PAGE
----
There's more where that came from, with in-depth discussions of the various perverse embellishments and inconsistencies that help substantiate that claim of "mad terrible genius."

But I am not here to praise Michael Winner, or to encourage you to rush out and buy Death Wish 3, so much as to say that I no longer feel able to dismiss Winner, despite some of his crimes against cinema. I'm sure we all have a Michael Winner in our lives (if you see what I mean). Perhaps yours was once Elizabeth Hurley, who came in for a lot of flak in the 1990s, much of it tinged with misogyny. But if you can be cruel and cutting about her talents once you have witnessed her exquisite timing and jauntiness in the first Austin Powers movie, or her anarchic sense of fun in the absurd Ice Cube action film Dangerous Ground, then you have a hard heart indeed.

All of which is brings me back to W.E. It may be ghastly, and worthy of uncomplicated disdain. But before you add your voice to the clamour, wouldn't you prefer to find out for yourself?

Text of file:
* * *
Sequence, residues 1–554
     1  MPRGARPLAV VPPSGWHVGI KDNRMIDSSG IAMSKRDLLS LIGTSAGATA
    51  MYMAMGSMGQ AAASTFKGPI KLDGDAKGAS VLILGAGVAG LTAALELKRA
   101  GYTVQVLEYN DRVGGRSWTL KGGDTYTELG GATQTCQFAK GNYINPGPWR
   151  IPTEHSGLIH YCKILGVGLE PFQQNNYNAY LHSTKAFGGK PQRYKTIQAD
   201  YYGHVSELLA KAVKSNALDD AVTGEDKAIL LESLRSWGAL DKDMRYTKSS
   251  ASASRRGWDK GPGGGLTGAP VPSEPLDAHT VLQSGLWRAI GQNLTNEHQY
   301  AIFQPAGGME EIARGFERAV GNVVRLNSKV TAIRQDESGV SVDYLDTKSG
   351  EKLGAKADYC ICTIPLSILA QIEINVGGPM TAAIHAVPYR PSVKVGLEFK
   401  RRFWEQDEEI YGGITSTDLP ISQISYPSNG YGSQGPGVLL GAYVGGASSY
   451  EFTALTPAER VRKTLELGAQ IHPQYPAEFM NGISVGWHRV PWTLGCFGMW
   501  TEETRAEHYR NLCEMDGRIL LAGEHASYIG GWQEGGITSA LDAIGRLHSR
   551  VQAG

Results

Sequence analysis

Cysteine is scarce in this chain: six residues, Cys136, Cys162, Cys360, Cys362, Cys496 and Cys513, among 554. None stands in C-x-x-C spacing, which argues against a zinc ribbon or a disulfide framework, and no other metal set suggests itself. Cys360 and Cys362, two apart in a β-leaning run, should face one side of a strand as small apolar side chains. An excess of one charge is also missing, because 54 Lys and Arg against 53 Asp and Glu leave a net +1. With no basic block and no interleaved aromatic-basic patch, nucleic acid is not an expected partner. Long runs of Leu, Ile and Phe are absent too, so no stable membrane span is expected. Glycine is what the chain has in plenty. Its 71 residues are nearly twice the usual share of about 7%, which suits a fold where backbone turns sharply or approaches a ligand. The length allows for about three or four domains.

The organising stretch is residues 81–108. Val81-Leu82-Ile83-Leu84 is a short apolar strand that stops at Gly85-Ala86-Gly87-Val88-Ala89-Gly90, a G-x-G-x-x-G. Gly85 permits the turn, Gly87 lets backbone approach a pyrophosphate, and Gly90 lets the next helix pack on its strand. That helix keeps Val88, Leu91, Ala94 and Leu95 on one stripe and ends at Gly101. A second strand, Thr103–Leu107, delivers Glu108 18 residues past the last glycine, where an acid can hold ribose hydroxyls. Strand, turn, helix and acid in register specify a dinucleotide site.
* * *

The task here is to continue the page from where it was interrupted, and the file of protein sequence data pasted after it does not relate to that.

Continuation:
Ryan Gilbey is the New Statesman's film critic. He is also the author of It Don't Worry Me (Faber), about 1970s US cinema, and a study of Groundhog Day in the "Modern Classics" series (BFI Publishing). He was named reviewer of the year in the 2007 Press Gazette awards.

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What Donald Trump could learn from Ronald Reagan

Reagan’s candidacy was built on more than his celebrity. Trump not only lacks experience as an elected official, he isn’t part of any organised political movement.

“No one remembers who came in second.” That wisdom, frequently dispensed by the US presidential candidate Donald Trump, came back to haunt him this week. Trump’s loss in the Iowa Republican caucuses to the Texas senator Ted Cruz, barely beating Senator Marco Rubio of Florida for second place, was the first crack in a campaign that has defied all expectations.